Small Longquan Celadon Twin-Fish Dish
S O L D
Small Longquan Celadon Twin-Fish Dish, the exterior of the deep rounded sides carved with a band of petals rising from the foot to the flat everted rim, and the interior decorated in the centre with two moulded fish, covered overall with a glazed of sea-green tone.
Southern Song (1127 – 1279 A.D.)
Diam.: 15 cm.
Auction result comparison: For a closely related Small Longquan Celadon Twin-Fish Dish from Southern Song , sharing the near identical detail features but smaller (diam.: 13 cm) see, Christie’s New York, Fine Chinese Ceramics and Works of Art 30 March 2005, , lot numbers 318 sold for $11 400, –
See also Christie’s New York, Fine Chinese Ceramics and Works of Art25th and 26th March 2010, lot number 1340.
Arts, literature, and philosophy
Close up on Double Happiness (Cui Bai). It was painted by Cui Bai, active during the reign of Shenzong. National Palace Museum
Cats in the Garden, by Mao Yi, 12th century.
The visual arts during the Song dynasty were heightened by new developments such as advances in landscape and portrait painting. The gentry elite engaged in the arts as accepted pastimes of the cultured scholar-official, including painting, composing poetry, and writing calligraphy. The poet and statesman Su Shi and his associate Mi Fu (1051–1107) enjoyed antiquarian affairs, often borrowing or buying art pieces to study and copy. Poetry and literature profited from the rising popularity and development of the ci poetry form. Enormous encyclopedic volumes were compiled, such as works of historiography and dozens of treatises on technical subjects. This included the universal history text of the Zizhi Tongjian, compiled into 1000 volumes of 9.4 million written Chinese characters. The genre of Chinese travel literature also became popular with the writings of the geographer Fan Chengda (1126–1193) and Su Shi, the latter of whom wrote the ‘daytrip essay’ known as Record of Stone Bell Mountain that used persuasive writing to argue for a philosophical point. Although an early form of the local geographic gazetteer existed in China since the 1st century, the matured form known as “treatise on a place”, or fangzhi, replaced the old “map guide”, or transl. zho – transl. tujing, during the Song dynasty.
The imperial courts of the emperor’s palace were filled with his entourage of court painters, calligraphers, poets, and storytellers. Emperor Huizong was the eighth emperor of the Song dynasty and he was a renowned artist as well as a patron of the art and the catalogue of his collection listed over 6,000 known paintings. A prime example of a highly venerated court painter was Zhang Zeduan (1085–1145) who painted an enormous panoramic painting, Along the River During the Qingming Festival. Emperor Gaozong of Song initiated a massive art project during his reign, known as the Eighteen Songs of a Nomad Flute from the life story of Cai Wenji (b. 177). This art project was a diplomatic gesture to the Jin dynasty while he negotiated for the release of his mother from Jurchen captivity in the north.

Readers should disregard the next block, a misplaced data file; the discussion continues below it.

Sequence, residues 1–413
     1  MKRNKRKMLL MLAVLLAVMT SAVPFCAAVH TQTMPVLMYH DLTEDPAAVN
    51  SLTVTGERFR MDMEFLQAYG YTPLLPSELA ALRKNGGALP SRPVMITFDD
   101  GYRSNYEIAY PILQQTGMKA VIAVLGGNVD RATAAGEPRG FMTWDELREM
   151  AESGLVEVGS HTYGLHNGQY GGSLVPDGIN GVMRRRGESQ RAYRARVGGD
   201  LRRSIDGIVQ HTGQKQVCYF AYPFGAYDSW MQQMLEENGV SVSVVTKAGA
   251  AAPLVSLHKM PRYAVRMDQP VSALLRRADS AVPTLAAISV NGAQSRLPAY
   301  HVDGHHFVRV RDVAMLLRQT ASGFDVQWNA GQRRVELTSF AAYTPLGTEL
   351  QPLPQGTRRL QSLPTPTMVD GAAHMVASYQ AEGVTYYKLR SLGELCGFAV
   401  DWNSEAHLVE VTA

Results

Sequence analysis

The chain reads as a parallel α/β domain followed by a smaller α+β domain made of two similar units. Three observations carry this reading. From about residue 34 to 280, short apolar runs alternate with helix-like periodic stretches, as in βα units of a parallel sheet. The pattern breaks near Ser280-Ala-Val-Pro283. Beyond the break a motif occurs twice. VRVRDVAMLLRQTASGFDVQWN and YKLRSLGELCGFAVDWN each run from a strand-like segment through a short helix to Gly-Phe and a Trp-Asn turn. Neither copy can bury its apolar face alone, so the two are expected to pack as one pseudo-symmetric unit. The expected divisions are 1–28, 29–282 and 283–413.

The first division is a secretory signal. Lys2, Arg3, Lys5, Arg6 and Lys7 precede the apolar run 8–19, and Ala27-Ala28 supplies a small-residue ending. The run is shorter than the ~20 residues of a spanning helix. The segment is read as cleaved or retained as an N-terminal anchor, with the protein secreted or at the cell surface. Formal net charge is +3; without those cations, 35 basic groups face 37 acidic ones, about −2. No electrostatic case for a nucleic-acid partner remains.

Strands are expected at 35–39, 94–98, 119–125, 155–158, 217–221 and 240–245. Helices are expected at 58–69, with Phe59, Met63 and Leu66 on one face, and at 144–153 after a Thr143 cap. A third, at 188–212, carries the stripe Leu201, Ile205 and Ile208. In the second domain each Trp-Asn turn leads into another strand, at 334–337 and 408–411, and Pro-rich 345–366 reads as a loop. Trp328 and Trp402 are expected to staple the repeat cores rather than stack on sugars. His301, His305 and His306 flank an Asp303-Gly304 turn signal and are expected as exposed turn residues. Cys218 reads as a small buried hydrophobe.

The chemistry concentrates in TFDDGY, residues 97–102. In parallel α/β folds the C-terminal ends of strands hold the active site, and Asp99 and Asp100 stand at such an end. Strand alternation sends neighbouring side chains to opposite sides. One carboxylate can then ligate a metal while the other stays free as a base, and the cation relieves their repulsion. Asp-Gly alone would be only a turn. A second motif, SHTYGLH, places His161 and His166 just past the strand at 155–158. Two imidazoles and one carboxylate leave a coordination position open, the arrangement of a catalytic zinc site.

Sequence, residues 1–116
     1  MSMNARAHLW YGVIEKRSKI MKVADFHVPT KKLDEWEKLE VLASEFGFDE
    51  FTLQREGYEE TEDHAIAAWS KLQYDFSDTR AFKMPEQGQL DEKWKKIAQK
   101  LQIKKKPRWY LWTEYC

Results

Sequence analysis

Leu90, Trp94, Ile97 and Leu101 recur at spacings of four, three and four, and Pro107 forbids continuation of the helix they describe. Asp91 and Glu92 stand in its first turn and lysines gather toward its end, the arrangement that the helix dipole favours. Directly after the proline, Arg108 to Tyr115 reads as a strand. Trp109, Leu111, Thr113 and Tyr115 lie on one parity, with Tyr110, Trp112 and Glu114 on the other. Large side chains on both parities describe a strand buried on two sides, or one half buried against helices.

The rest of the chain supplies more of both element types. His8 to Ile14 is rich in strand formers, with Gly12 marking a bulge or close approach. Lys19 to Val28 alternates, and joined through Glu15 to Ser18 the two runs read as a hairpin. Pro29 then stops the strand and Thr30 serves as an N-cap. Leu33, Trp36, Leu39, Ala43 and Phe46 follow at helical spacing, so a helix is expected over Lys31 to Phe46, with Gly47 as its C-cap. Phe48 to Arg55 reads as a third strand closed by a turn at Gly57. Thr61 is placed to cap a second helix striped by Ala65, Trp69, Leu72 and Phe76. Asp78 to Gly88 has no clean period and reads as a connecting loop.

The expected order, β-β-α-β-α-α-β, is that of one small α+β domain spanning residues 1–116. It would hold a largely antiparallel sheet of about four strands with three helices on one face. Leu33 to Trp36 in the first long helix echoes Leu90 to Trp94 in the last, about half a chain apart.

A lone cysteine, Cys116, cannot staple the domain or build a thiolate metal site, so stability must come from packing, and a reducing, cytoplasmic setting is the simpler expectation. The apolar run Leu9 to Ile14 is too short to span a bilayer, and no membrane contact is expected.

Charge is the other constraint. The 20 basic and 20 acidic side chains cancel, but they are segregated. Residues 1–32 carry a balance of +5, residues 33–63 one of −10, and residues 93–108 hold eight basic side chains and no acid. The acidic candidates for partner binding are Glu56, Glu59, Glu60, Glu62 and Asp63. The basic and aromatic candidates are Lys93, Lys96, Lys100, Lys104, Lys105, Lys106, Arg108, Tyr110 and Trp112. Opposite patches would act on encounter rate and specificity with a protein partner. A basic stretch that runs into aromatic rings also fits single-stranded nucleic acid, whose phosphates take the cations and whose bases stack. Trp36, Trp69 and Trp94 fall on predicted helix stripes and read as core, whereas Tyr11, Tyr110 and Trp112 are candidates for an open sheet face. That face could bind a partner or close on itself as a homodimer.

Four lines of vertically oriented Chinese characters. The two on the left are formed from a continuous line, the calligraphy equivalent of cursive. The two on the right use a more traditional multiple stroke writing style.
Chinese calligraphy of mixed styles written by Song dynasty poet Mi Fu (1051–1107)
A portrait of an older, balding man in a half pale green and half sky blue robe. He is sitting on an armchair holding a thin wooden stick, possibally a folded up fan.
Portrait of the Chinese Zen Buddhist Wuzhun Shifan, painted in 1238 AD.
In philosophy, Chinese Buddhism had waned in influence but it retained its hold on the arts and on the charities of monasteries. Buddhism had a profound influence upon the budding movement of Neo-Confucianism, led by Cheng Yi (1033–1107) and Zhu Xi (1130–1200). Mahayana Buddhism influenced Fan Zhongyan and Wang Anshi through its concept of ethical universalism, while Buddhist metaphysics deeply affected the pre–Neo-Confucian doctrine of Cheng Yi. The philosophical work of Cheng Yi in turn influenced Zhu Xi. Although his writings were not accepted by his contemporary peers, Zhu’s commentary and emphasis upon the Confucian classics of the Four Books as an introductory corpus to Confucian learning formed the basis of the Neo-Confucian doctrine. By the year 1241, under the sponsorship of Emperor Lizong, Zhu Xi’s Four Books and his commentary on them became standard requirements of study for students attempting to pass the civil service examinations. The East Asian countries of Japan and Korea also adopted Zhu Xi’s teaching, known as the Shushigaku (朱子學, School of Zhu Xi) of Japan, and in Korea the Jujahak (주자학). Buddhism’s continuing influence can be seen in painted artwork such as Lin Tinggui’s Luohan Laundering. However, the ideology was highly criticized and even scorned by some. The statesman and historian Ouyang Xiu (1007–1072) called the religion a “curse” that could only be remedied by uprooting it from Chinese culture and replacing it with Confucian discourse. A true revival of Buddhism in Chinese society would not occur until the Mongol rule of the Yuan dynasty, with Kublai Khan’s sponsorship of Tibetan Buddhism and Drogön Chögyal Phagpa as the leading lama. The Christian sect of Nestorianism, which had entered China in the Tang era, would also be revived in China under Mongol rule.
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